Letters to the Editor

Cardiology Review® OnlineJuly 2007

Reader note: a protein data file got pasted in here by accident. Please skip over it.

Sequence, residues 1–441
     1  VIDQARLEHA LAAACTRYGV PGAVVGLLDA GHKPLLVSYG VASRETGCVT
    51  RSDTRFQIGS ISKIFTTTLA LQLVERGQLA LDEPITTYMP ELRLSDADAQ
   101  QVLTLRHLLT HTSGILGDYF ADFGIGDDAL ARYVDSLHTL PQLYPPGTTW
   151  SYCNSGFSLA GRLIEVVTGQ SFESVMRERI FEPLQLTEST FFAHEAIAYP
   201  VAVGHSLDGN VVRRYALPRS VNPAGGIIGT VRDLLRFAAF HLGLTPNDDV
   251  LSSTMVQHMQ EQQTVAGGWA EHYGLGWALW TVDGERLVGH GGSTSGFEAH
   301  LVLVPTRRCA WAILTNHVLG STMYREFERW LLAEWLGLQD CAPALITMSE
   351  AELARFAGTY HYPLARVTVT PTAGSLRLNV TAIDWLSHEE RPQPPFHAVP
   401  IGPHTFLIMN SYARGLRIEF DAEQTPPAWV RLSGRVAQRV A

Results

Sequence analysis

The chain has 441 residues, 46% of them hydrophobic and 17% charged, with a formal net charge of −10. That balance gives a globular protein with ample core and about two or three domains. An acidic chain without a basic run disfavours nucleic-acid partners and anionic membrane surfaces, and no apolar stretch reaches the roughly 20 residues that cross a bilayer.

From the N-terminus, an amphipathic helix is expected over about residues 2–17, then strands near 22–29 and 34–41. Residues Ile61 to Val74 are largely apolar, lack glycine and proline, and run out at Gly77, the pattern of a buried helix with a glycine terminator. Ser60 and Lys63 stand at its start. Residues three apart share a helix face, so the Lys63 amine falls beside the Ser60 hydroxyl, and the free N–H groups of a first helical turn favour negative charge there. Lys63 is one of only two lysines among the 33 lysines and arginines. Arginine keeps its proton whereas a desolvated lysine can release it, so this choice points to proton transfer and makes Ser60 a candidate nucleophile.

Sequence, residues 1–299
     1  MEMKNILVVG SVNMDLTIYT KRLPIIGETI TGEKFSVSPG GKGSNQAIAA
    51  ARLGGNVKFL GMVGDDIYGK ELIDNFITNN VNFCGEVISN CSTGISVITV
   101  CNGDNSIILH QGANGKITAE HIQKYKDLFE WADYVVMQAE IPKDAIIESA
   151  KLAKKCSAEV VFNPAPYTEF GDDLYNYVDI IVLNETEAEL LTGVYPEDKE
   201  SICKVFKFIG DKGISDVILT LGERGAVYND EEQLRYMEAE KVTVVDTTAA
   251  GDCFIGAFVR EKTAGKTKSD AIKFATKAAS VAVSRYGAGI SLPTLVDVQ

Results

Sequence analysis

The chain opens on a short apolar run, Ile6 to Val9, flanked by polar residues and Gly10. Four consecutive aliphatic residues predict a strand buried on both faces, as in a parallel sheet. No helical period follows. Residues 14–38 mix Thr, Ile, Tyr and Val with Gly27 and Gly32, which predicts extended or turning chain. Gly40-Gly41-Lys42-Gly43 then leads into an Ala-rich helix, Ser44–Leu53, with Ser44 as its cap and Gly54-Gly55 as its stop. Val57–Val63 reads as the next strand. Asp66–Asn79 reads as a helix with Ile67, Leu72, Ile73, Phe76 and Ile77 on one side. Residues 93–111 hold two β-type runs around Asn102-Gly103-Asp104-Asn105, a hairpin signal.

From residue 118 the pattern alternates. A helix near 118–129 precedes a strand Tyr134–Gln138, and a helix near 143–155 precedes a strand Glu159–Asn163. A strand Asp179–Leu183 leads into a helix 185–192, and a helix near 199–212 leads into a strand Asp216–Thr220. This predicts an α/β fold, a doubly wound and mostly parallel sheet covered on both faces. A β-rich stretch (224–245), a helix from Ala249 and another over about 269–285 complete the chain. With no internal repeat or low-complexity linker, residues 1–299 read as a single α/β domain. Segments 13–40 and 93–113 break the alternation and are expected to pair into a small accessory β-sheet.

Volume 24
Issue 7